Another 49 apartments for people experiencing homelessness just opened in Barnum

“It takes a lot to get just 50 going,” said Carl Clark, CEO of Wellpower Denver.
3 min. read
An apartment inside Rhonda’s Place at Federal Boulevard and Cedar Avenue. April 6, 2023.

On Thursday morning, nonprofit and government leaders cut the ribbon at a 50-unit income-restricted apartment complex, at 203 S. Federal Blvd., in the Barnum neighborhood.

The building will house 49 individuals transitioning out of homelessness and serve individuals making up to $24,650 a year -- or 30% of the area median income.

The three-story building is near transit. There's a dog run and a garden. Tenants will have access to meeting rooms where they'll receive social and emotional support.

Rhonda's Place, a new income-restricted housing complex at at Federal Boulevard and Bayaud Avenue. April 6, 2023.

The new building is called Rhonda's Place. It's named after a realtor who served on the board of the project's lead developer the REDI Corporation.

That group has built 10 other projects for people dealing with disability and mental and behavioral health needs since it formed in 1978.

"We're a value-based organization, not just developers," said Sandra Goldhaber, vice president of the REDI board.

The developer's Executive Director David Murphy was honored at the event for his life of service.

"It's been a real joy to create affordable housing for those who need it," he said.

Sandy Goldhaber speaks at the opening of Rhonda's Place, a new income-restricted housing complex at Federal Boulevard and Cedar Avenue. April 6, 2023.

Wellpower, formerly the Mental Health Center of Denver, will offer mental and behavioral health services to residents.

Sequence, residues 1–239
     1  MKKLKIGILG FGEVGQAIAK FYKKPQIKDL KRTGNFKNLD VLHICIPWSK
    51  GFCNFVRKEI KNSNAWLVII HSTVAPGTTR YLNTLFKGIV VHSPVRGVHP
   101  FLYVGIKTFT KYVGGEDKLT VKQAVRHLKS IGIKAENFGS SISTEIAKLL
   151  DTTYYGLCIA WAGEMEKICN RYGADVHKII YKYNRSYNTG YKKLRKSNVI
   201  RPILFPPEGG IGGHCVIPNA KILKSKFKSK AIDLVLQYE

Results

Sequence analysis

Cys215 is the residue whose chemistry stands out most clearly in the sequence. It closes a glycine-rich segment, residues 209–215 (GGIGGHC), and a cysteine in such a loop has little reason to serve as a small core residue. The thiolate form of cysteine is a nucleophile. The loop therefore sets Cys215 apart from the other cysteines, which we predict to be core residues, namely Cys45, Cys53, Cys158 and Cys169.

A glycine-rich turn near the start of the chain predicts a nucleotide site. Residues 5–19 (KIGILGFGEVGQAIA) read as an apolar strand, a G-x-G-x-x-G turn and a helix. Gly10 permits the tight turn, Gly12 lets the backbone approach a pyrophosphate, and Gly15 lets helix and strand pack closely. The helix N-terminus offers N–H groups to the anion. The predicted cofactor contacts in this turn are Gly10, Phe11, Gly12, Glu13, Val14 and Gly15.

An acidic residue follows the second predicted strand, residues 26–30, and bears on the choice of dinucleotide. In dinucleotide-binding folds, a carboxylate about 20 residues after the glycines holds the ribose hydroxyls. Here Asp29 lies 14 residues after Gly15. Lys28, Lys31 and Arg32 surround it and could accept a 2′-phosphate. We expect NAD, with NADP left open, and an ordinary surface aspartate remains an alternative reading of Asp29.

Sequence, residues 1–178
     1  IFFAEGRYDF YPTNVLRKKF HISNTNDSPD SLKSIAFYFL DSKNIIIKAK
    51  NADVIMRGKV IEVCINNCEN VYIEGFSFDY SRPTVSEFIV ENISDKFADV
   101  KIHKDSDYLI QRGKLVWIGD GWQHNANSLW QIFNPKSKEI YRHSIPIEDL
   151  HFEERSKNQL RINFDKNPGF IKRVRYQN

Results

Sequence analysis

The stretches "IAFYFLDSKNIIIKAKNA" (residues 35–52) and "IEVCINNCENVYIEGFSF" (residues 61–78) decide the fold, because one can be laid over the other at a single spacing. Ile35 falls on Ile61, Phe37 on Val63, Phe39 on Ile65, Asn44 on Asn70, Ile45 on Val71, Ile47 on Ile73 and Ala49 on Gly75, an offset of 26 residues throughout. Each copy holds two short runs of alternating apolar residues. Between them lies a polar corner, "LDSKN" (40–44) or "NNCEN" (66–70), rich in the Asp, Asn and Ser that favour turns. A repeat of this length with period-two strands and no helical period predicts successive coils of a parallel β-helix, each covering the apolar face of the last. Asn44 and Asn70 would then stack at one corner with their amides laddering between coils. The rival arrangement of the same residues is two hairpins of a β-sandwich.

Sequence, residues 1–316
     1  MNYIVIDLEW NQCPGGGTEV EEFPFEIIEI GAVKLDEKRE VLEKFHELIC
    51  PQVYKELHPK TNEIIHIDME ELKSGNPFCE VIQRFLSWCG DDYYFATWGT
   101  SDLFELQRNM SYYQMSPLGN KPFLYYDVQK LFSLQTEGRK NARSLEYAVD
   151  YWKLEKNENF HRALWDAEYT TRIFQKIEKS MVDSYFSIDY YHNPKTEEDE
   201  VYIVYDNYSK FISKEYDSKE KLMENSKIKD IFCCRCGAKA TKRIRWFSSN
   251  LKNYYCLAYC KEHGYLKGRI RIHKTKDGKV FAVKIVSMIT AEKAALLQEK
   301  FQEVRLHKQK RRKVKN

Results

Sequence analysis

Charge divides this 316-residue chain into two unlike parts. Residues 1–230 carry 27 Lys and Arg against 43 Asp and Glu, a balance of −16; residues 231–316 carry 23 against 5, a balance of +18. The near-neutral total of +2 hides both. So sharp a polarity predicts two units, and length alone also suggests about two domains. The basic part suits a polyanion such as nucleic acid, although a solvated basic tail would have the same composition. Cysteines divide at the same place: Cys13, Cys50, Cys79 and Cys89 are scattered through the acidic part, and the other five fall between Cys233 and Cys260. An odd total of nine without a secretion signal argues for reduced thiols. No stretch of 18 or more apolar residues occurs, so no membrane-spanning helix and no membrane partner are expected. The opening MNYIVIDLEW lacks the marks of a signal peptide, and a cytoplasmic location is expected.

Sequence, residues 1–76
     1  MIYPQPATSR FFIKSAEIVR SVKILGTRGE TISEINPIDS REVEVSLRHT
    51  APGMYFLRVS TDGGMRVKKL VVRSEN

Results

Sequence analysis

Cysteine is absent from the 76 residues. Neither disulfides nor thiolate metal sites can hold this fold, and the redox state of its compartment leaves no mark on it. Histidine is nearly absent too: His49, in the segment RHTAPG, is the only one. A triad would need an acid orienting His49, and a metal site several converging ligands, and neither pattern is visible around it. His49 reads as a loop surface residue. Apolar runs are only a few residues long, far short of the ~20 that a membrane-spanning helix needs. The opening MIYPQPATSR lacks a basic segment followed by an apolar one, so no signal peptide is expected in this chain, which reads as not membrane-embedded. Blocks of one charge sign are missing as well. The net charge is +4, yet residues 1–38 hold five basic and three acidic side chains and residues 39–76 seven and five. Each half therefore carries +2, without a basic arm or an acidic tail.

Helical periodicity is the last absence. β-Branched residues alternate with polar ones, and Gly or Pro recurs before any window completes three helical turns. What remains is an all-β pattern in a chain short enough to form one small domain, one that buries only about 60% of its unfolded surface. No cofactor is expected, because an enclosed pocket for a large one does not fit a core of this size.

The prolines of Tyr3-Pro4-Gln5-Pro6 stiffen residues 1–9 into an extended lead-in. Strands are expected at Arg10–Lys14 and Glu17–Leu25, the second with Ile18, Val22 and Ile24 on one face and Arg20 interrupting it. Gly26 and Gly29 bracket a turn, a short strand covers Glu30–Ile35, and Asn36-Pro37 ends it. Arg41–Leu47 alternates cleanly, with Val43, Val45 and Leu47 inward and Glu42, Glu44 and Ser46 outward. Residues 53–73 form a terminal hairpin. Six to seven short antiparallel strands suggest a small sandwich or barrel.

While CEO Carl Clark celebrated the real impact the project will have, he also noted his organization works with 4,000 people who need housing in addition to behavioral health services.

But there's a problem.

"We don't live in a country that believes in everybody having a place to live," Clark said.

And the people he's working with are a fraction of those who need housing across the state.

Kristin Toombs, the director of the Office of Homeless Initiatives for the Colorado Division of Housing, noted 33,000 individuals applied for supportive services last year.

"The volume is real and the need is great," she said.

A ribbon-cutting for Rhonda's Place, a new income-restricted housing complex at at Federal Boulevard and Bayaud Avenue. April 6, 2023.

Putting together a project like Rhonda's Place isn't easy.

Financing the $17.3 million budget came from several sources. The city offered $1.5 million from the taxpayer-supported Homelessness Resolution Fund. The Colorado Housing, Finance Authority and the Colorado Division of Housing and private entities also contributed money to the development.

The project has been in the works for several years and broke ground on a chilly day in 2021.

"It takes a lot to get just 50 going," Clark said.

Councilmember Jamie Torres, who serves District 3, where the building is located, spoke about her own experience of homelessness as a teenager and the importance of projects like this that help people transition back into housing.

"The toll that it takes on you is incredibly profound," she said.

She also pointed out that the taxpayers are the ones who funded the project and described the effort as "collective."

An apartment inside Rhonda's Place at Federal Boulevard and Cedar Avenue. April 6, 2023.

"The solution to homelessness is housing, and projects like Rhonda's Place are bringing stability," said Rene Gallegos, the deputy director of housing for the city's Department of Housing Stability.

Forging public-private partnerships between the city, the state and developers has been Denver's main strategy for creating new housing for people experiencing homelessness.

Denver currently has 1,971 affordable units funded by the city that are under construction at 34 different sites. Another 510 income-restricted units are being planned.

"Government alone cannot do this," Gallegos said. "We need partners."

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